Comparison of tiered formularies and reference pricing policies: a systematic review

Open Med. 2009;3(3):e131-9. Epub 2009 Aug 4.


Objectives: To synthesize methodologically comparable evidence from the published literature regarding the outcomes of tiered formularies and therapeutic reference pricing of prescription drugs.

Methods: We searched the following electronic databases: ABI/Inform, CINAHL, Clinical Evidence, Digital Dissertations & Theses, Evidence-Based Medicine Reviews (which incorporates ACP Journal Club, Cochrane Central Register of Controlled Trials, Cochrane Database of Systematic Reviews, Cochrane Methodology Register, Database of Abstracts of Reviews of Effectiveness, Health Technology Assessments and NHS Economic Evaluation Database), EconLit, EMBASE, International Pharmaceutical Abstracts, MEDLINE, PAIS International and PAIS Archive, and the Web of Science. We also searched the reference lists of relevant articles and several grey literature sources. We sought English-language studies published from 1986 to 2007 that examined the effects of either therapeutic reference pricing or tiered formularies, reported on outcomes relevant to patient care and cost-effectiveness, and employed quantitative study designs that included concurrent or historical comparison groups. We abstracted and assessed potentially appropriate articles using a modified version of the data abstraction form developed by the Cochrane Effective Practice and Organisation of Care Group.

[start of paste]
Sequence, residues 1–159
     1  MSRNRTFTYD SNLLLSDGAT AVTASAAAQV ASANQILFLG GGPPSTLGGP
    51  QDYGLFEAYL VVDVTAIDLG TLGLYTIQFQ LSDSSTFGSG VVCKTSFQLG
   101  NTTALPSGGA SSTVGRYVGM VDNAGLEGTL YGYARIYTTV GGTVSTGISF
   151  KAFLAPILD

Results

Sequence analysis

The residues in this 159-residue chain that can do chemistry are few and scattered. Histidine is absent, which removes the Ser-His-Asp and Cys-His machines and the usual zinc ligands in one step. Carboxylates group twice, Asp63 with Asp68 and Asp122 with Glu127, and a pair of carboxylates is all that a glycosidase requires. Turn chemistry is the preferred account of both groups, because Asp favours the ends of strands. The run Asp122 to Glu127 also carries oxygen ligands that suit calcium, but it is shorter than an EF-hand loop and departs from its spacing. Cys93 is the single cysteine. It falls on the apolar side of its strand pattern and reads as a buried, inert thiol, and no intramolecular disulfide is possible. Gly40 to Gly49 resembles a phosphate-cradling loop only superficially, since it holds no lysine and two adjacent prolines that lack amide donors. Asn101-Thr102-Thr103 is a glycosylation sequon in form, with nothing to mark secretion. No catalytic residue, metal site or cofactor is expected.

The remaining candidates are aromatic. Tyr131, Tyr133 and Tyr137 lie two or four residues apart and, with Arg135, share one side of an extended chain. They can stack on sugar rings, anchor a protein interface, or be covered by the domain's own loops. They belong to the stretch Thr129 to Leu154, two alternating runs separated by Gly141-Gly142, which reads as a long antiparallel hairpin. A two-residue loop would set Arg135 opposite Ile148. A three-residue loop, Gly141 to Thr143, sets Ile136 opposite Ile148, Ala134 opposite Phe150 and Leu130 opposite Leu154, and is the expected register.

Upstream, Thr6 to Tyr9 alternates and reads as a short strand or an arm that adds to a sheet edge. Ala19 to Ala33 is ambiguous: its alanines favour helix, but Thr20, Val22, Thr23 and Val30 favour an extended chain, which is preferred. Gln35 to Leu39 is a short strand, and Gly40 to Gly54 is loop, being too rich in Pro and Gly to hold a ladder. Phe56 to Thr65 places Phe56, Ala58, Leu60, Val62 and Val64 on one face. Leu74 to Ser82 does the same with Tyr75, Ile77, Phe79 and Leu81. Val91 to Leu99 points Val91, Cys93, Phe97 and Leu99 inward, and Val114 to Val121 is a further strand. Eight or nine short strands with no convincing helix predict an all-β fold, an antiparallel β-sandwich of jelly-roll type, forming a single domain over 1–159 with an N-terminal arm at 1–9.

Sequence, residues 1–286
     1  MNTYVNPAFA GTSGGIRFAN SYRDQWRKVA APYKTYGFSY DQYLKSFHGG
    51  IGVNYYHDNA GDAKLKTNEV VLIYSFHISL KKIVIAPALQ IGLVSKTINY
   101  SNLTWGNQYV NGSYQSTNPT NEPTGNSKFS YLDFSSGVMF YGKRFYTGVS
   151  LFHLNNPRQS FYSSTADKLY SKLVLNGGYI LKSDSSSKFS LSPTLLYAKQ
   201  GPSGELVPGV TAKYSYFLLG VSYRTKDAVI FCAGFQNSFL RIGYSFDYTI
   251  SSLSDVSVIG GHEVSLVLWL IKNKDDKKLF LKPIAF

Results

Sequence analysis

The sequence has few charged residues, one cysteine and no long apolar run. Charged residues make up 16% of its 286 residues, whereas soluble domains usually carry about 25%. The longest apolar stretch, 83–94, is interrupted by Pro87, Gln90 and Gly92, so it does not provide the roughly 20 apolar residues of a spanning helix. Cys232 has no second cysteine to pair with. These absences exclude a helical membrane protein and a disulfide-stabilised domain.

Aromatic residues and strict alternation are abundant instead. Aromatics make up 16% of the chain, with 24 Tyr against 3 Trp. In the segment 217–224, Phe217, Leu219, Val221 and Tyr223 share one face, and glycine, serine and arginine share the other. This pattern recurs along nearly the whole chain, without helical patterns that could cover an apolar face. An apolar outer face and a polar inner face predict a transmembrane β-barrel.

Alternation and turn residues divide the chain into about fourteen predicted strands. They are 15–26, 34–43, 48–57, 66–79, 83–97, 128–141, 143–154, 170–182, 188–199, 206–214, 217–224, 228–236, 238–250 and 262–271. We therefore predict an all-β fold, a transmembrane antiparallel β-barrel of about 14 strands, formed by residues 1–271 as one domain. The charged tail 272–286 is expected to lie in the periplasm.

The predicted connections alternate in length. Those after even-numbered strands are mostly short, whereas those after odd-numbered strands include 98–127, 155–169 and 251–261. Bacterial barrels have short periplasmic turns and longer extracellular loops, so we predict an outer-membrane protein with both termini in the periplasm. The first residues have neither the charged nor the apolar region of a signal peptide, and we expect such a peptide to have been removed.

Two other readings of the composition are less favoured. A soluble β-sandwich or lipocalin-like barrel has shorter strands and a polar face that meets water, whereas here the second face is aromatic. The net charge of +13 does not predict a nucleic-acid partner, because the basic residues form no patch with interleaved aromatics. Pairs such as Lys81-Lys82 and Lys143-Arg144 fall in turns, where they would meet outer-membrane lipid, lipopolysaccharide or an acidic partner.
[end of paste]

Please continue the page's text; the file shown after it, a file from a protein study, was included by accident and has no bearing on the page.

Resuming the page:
Results: From an initial list of 2964 citations, 12 citations (representing 11 studies) were deemed eligible for inclusion in our review: 3 studies (reported in 4 articles) of reference pricing and 8 studies of tiered formularies. The introduction of reference pricing was associated with reduced plan spending, switching to preferred medicines, reduced overall drug utilization and short-term increases in the use of physician services. Reference pricing was not associated with adverse health impacts. The introduction of tiered formularies was associated with reduced plan expenditures, greater patient costs and increased rates of non-compliance with prescribed drug therapy. From the data available, we were unable to examine the hypothesis that tiered formulary policies result in greater use of physician services and potentially worse health outcomes.

Conclusion: The available evidence does not clearly differentiate between reference pricing and tiered formularies in terms of policy outcomes. Reference pricing appears to have a slight evidentiary advantage, given that patients' health outcomes under tiered formularies have not been well studied and that tiered formularies are associated with increased rates of medicine discontinuation.